How Do We Lead A Good Life?
It’s far from controversial to state that the majority of people want the good life. And certainly, within that group, there’s likely a large subset that actively strives for some sort of version of their good life. Now these versions differ substantially. Where one individual defines a life worth living as a montage of babbling brooks, tending to ones garden, and some good old peace and quiet, another may direct you to the nearest brothel.
Where do we begin in even attempting to define ‘a good life’? We could argue, as did Spinoza, Bertrand Russell, and Aristotle, that the good life is, to a great extent, the same as the happy life.
Well that’s sure helpful. What exactly is happiness to begin with?
Happiness is generally seen as a state rather than a trait. That is, it’s not permanent. It’s also not quite as intense as bliss or joy and is rather associated with pleasure or contentment. However, happiness is not equal to pleasure but instead far more stable. Pleasure can enhance happiness and happiness can enhance pleasure although the two can also act independently. Namely, happiness is more meaning-dependent. Your muscles might be sore and you might be tired from a marathon, but the months of training and significant experience of running it fills you with happiness because of the meaning behind the physical suffering. However, happiness and meaning aren’t necessarily equal either. Meaning is, as the psychologist Roy Baumeister argues, something that makes us unique in comparison with animals. Whereas a dog or monkey may strive for happiness, they likely never suffer the mid-life crises that come about in man’s search for purpose. Like pleasure, meaning and happiness may likewise contribute to one another.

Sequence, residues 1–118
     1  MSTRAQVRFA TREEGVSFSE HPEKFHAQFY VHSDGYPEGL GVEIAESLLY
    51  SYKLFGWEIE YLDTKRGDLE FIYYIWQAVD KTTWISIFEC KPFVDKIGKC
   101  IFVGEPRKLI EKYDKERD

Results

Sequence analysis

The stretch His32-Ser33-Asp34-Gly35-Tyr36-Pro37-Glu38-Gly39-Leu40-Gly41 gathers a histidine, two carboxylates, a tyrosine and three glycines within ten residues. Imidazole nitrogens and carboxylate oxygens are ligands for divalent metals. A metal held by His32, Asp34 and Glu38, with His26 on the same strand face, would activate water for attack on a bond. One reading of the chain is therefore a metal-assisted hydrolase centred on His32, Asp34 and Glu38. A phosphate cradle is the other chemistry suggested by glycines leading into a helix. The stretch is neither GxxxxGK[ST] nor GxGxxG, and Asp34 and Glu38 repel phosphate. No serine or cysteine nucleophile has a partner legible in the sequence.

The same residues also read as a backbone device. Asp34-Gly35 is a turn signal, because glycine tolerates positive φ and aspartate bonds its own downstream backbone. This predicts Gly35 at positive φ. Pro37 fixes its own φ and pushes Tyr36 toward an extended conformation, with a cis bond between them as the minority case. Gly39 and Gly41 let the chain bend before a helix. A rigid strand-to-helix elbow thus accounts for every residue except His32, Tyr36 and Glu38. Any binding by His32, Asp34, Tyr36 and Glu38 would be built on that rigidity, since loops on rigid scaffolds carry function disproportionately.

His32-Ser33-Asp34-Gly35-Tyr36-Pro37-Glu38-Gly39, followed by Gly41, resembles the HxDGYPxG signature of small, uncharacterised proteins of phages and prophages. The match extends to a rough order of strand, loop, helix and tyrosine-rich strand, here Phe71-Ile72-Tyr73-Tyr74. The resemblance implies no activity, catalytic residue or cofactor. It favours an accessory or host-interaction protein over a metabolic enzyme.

The relationship of pleasure and meaning with happiness reveals an important philosophical distinction in what makes the good life. There are two main paths to pursue the good life, the hedonistic way or the eudaemonistic way. The former, as you can tell, strives to experience more pleasure than pain. The latter strives to attach oneself to a purpose, to become oneself or to find meaning in life.
The problem with the hedonistic life is the lack of stability. Since it’s rooted in pleasure, a very unstable state, it is in a constant pursuit of pleasurable items. These pleasurable items, as many noted hedonists have shown, rarely consist of Sunday masses, a good sleep schedule, or delayed gratification. One common argument is provided by Robert Nozick, who asks of us to imagine an experience machine where one can experience friendship, icecream, or whatever makes you the most happy. A hedonist would want to remain in that machine. However, Nozick presents us with some reasons why we shouldn’t choose this machine of eternal pleasure. Firstly, we want to be or become some sort of person, rather than a blob that simply receives pleasurable sensations (although some living members of our species may prefer the latter). Secondly, such a machine is constrained by our imagination, by what we think would make us happy. How many time have you been pleasantly surprised by an experience that you had thought to be dreadful?
Overall, hedonistic delights, although certainly tied with happiness, fail to entirely agree with the frustratingly human need for meaning. Perhaps the eudaemonistic way, in which one follows rules of morality and honour, will quench our psychological thirst for purpose.